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Saturday, July 23, 2011

Day 1

At about 5am this morning, Becky's Mom arrived at Oakes bedside. This is the email that she sent out to us:

Good Morning, All,

I got to the hospital and CICU this morning just in time to don my yellow plastic gown, mask, and royal blue plastic gloves (standard attire for EVERYONE in Oakes' room now). Keep your nasty germs to your self! (And the the gloves are definitely presenting a challenge to keyboard accuracy.)

As soon as I got myself in place, Rounds moved in front of Room 9, Oakes Place. There was a full on team! My best laywoman's interpretation of all of the numbers and technical jargon is that at a little less than 24 hours out, all is going about as well as could be expected. They are watching the monitors, heart rate and oxygen levels, drainage, temperature, and he is getting a plethera of drugs to paralyze, sedate, block pain, regulate heart rate, and God and the Attending only know what all else.

Both surgeons were present and lots of technical data was exchanged. When they were ready to move to the next room, Dr. Huddleston, the primary pediatric cardiologist, who has performed most of Oakes procedures turned to me and said, "So basically everything is okay right now." And that's okay by me.

Dr. Caroline Lee, the cardiologist (not surgeon) who has been following Becky's pregnancy and performing cardiograms and echocardiograms stepped into the room just to satisfy her own curiosity and check Oakes out herself. She is the closest thing to having a cardiologist in the family. She is so personable, and obviously very attached to the Ortyls. She asked me all about the family, how many children, where everybody lives, and expressed her gratitude that our family keeps rally behind Becky & Greg and showing up for the big scary procedures. She said it was heartwarming to her to walk into the private waiting room on Friday and find all of us there keeping vigil with Becky & Greg.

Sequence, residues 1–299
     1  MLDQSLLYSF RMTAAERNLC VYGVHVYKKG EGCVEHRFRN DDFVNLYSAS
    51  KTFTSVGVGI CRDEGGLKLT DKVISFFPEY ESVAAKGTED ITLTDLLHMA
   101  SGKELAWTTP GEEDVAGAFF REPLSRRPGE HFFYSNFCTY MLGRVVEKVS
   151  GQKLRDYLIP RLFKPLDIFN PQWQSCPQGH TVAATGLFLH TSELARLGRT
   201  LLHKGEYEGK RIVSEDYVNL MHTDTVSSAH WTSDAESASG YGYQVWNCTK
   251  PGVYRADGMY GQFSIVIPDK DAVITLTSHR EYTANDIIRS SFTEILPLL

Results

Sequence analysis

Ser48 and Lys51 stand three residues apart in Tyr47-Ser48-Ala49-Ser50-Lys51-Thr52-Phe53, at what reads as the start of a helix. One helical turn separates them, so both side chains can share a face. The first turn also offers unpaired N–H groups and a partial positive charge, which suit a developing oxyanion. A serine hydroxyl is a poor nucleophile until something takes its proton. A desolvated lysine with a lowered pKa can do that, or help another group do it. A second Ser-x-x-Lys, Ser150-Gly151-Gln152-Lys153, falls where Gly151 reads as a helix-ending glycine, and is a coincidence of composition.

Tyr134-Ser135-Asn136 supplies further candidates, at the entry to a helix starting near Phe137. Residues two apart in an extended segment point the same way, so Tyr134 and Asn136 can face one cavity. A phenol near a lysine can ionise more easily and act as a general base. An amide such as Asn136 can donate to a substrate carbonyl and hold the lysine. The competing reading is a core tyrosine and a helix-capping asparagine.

Dr. Lee admitted that she is not an expert on lungs, but that she was relieved to see how well Oakes was tolerating he surgery, and her interpretation of all that was said during Rounds was that so far, everything was good.

Before she left, two doctors from the Pulmonary Team came in. Keep in mind, everyone is draped and masked, so there are all of these blue hands shaking each other. I don't think I could pick these doctors out of a lineup, but they both had very kind eyes, about all that is left of the person. They also said that things were going about as well as they could hope for right now. Their biggest concern is the rejection issue, and Oakes is at a higher risk than the already high risk infant lung transplant because of his elevated antibody levels. There are medications that they are giving to help to alleviate the antibodies. They also completely transfused his blood during the transplant to eliminate as much of the rejection issues as possible. Today, Oakes will begin a 5 day process of plasmaphenesis. Essentially, through one of the already inserted ports, they will pull his blood out of his body, through a membrane that will capture the antibodies, and the circulate it back into his body. Depending on his size and how well he tolerates this process (heart rate, oxygen levels, etc.) this could take several hours. They will repeat it for 5 days. Then they will give him donor antibodies to help him maintain the normal immunity that a healthy body is supposed to have. Yesterday,they used a scope to examine his trachea from the inside. To check the points where his trachea was connected to the new donor lungs and branches. This, too, they said looked good.

Another bit of info that I picked up in rounds, and was confirmed and explained by Dr. Lee and the pulmonologists is that the donor lung was a little bit too big for Oakes' lung chest cavity, which required the doctors to do some trimming. Apparently, in cases of infant lung transplant, this is not unusual, and that is easy to see why. I asked them what kind of trauma that creates for Oakes, and they said that it really didn't add to the trauma he was already experiencing. He mentioned something that I'm thinking was there were some drains at the point where the lungs were trimmed. We'll definitely need to clarify all of this.

Becky and Greg, when the pulmonologist left they asked if you two were coming up today, and said they would try to talk to you when you got here.

So, that's it for now. This is a busy corner of the CICU this morning. And I assume it will stay that way, for now. Oakes looks like a little angel, with a wild hairdo. I think the prayer vortex has swept him up to his safe and happy place for now.

Love from Connie Fox Moore/ Ena (Grandma - Becky's Mother)

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